I remember a newspaper article that Mom had showed me. Grandma had five sons and they all served in the war. My youngest uncle, Elmer, was the last to go. Now Elmer was a funny guy - not like my other uncles, serious natures and all. Elmer would tease and kid and I found him different from the rest of the family. I used to say to him, are you sure you are from this family? When Elmer was being raised situations probably lightened up for Grandma. The older children were out of the house and earning money and supplementing Grandma's laundry income. She took in laundry plus her widow's pension as her only income. Perhaps she used a lighter touch with Elmer and he had room to develop a sense of humor. Anyway, in this article it shows Grandma facing Elmer in his full uniform. And she is shaking his hand. The article explained that this was Mrs. Knockel saying goodbye to her youngest son. Now if that were me and my youngest son, I would have my arms clamped around him so tightly Uncle Sam would need to ship both of us out together. Now I am not a hugger by nature but desperation would propel me to a different level. Grandma was reserved, somewhat emotionally distant, and always strict with herself. She could not afford to lose control. She had a family to feed.

Did I say she took in laundry? The local dentist was one of her customers. Mom can remember how his white shirts would freeze on the clothes lines during winter and their hands became chafed and raw from the water and the cold. There are entries in Mom's diary talking about Mom ironing - the entire day. Interestingly, Mom enjoyed ironing all her life. She always set up her board in a scenic part of the house. At 1302 she chose the downstairs back porch and on Stone Ridge Place the basement level where she could look out at her lilac bushes and birdhouse. When Grandma Liz became sick for the last time all the Knockel siblings came back to Cascade and stayed with Grandma until she died. I remember Mom being gone about two weeks. I had just turned 18. I wanted Mom's homecoming to be pleasant and that she would walk into the house and not have to worry about housework that had gone undone for too long. Her numerous plants I wanted to be healthy and thriving and not really having any plant experience at that point of my life I watered the poor things every day and well, they were yellow and rather lifeless when she returned, but my intentions were good. And then there was the ironing. I had not realized at that time in my young life that ironing was therapeutic for my mother. I saw it as a chore. I had never ironed because there were certain tasks that Mom performed solely herself and Amy and I were never trained to do. One of these tasks were cooking for Dad ( I was taught to bake but only my mother alone would cook for my finicky father.) When I married I called my mother and said, what do I do? I don't know how to cook. She sent me a Betty Crocker cookbook. And another was ironing. So, I prepared to attack the piles of wrinkled clothing on the back porch and it was a slow and laborious project. It took me many hours, but damn, I got that ironing done. When my mother returned, I followed her out to the back porch and she looked around at the empty room and seemed shocked and forlorn. I believe she was looking forward to doing that ironing - for her it was peace and calmness, a return to the routine that she badly needed. Once again, I was wrong about my mother and once again, I learned.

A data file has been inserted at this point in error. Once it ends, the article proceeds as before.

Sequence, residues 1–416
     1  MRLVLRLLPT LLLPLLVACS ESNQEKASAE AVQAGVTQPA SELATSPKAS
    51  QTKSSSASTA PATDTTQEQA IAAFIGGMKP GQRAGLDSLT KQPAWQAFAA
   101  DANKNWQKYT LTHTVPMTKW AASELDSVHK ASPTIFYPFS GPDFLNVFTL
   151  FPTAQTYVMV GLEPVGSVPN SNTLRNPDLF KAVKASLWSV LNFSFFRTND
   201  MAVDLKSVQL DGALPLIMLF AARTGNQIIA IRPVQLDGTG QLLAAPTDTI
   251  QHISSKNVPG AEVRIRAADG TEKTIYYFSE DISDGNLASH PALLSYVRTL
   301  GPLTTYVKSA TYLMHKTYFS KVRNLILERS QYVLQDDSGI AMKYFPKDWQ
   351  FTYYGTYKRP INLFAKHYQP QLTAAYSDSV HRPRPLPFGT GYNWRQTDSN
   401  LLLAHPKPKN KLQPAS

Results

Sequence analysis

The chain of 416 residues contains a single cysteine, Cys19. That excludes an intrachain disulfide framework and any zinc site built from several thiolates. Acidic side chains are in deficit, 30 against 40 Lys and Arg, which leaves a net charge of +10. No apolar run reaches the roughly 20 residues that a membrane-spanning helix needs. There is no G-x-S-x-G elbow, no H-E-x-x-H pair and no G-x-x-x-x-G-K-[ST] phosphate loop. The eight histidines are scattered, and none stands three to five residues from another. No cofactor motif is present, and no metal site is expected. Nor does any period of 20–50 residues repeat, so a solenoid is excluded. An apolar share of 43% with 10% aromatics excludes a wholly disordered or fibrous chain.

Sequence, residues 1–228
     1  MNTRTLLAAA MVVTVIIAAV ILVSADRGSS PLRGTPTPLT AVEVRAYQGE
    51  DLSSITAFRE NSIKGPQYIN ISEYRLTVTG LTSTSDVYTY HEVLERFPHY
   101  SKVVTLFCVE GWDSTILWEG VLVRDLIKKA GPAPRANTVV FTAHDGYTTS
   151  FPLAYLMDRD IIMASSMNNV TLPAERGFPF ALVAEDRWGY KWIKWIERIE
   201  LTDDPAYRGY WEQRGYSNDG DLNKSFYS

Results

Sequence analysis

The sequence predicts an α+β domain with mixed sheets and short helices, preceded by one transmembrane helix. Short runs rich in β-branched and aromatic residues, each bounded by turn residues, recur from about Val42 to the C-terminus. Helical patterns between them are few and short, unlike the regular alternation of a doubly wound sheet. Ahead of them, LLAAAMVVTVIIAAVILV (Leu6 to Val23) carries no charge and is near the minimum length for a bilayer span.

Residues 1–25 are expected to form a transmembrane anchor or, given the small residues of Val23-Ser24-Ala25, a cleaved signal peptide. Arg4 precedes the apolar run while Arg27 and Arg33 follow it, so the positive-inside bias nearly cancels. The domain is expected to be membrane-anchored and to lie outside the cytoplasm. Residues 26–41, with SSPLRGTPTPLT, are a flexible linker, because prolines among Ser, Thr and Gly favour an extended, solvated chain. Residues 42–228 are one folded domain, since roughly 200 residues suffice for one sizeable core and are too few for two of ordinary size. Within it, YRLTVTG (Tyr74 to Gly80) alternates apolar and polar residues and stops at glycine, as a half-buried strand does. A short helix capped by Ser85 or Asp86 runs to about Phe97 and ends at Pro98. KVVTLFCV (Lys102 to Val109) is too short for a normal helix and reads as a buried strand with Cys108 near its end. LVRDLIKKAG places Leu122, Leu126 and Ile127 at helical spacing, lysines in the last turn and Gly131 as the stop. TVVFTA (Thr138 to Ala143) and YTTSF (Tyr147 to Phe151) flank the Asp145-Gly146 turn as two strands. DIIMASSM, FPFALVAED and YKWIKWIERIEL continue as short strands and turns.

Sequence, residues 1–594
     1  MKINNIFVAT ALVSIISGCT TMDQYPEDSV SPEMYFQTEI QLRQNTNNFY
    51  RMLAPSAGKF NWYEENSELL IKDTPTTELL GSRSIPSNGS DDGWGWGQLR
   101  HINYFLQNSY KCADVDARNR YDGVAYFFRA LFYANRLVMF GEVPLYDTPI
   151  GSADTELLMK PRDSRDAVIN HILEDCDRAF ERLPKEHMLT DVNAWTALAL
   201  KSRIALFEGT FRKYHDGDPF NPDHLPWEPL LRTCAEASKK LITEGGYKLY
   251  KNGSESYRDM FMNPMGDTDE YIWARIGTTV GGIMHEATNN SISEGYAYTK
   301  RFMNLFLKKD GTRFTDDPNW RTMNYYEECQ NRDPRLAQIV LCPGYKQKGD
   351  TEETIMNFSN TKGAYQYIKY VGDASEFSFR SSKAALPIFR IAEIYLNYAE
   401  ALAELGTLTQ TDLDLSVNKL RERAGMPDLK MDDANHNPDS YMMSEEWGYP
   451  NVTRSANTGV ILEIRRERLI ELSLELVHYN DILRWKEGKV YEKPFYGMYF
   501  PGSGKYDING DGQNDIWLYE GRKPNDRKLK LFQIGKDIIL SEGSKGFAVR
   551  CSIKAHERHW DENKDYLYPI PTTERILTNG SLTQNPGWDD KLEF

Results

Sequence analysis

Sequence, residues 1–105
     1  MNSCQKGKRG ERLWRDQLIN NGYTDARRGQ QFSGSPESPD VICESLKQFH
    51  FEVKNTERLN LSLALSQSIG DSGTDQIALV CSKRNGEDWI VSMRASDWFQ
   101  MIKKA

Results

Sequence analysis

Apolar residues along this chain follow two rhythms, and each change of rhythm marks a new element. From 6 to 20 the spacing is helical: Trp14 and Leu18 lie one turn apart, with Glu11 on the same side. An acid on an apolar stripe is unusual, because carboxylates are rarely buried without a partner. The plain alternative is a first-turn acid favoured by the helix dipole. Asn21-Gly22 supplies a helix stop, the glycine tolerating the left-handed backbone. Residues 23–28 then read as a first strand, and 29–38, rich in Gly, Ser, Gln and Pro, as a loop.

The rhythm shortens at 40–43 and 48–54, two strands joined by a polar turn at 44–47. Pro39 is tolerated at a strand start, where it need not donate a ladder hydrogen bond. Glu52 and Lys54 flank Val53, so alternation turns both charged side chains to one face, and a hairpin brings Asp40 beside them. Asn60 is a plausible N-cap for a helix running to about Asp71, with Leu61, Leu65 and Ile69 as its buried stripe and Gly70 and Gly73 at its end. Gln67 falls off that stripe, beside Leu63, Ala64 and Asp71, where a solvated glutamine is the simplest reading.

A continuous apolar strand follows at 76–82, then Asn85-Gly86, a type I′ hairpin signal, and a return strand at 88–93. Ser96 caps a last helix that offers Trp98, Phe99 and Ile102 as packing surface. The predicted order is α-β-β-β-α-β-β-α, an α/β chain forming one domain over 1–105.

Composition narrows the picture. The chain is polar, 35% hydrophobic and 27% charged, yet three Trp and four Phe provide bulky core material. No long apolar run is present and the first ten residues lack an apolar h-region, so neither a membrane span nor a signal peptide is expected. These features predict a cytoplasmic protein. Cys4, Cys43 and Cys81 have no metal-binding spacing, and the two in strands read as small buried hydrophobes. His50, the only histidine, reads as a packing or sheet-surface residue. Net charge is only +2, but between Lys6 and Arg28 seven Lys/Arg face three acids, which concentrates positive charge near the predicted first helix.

MrDaveyGie said...

That is good write. Maybe, perhaps, my biking zeal is from my mama, and I ride where and when she didn't.

dawn marie giegerich said...